18 June 2009

Kalispell single-payer rally on Friday, 19 June

Want to let Senator Baucus know you support a single-payer system? Please join me and others tomorrow, Friday, 19 June, at 1300 hrs in front of Baucus’ field office at 8 Third Street East in Kalispell. Signs will be available (or bring your own).

Given the extent to which Big Pharma and Big Insurance seem to control congressional Democrats, you may well ask, “what’s the point of waving a flag that Max may never salute?” The point is that it’s our duty as human beings. The greater the threat of injustice, or catastrophic stupidity, the greater our moral obligation to stand up for justice and our enlightened self-interest; to bear witness.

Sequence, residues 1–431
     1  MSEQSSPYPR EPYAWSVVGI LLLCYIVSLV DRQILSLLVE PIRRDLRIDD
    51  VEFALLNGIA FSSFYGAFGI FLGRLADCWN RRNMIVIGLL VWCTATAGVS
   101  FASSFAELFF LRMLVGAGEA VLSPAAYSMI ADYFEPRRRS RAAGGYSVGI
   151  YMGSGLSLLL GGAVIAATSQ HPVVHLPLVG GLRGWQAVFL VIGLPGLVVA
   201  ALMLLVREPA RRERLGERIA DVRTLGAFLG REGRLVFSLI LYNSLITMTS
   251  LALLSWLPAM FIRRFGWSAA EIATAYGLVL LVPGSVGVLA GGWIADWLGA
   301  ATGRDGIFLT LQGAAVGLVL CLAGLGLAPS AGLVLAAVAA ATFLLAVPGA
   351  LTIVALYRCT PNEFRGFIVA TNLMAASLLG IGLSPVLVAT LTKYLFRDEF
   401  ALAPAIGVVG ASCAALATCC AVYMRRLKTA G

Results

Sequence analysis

There may be times when we are powerless to prevent injustice, but there must never be a time when we fail to protest. Elie Wiesel

For more information, please get in touch with David Brothers at


16 June 2009

Obama & Democrats to poison public option against single-payer

Revised. I’ve reluctantly concluded that President Obama and congressional Democrats expect — and intend — to inflict on the nation a health care system based on the Massachusetts plan (private health insurance, a requirement to buy health insurance, and subsidies for those the government thinks cannot afford insurance), which for all intents and purposes is Richard Nixon’s plan for preventing a single-payer system.

I’ve also concluded that the so-called “public option” that Democrats who should be smarter have embraced is what will be sacrificed on the altar of bipartisanship. Obama is stumping for a public option not because he expects, or even wants, it enacted into law, but because it’s a worthless bargaining chip unless the Republicans think he really wants it.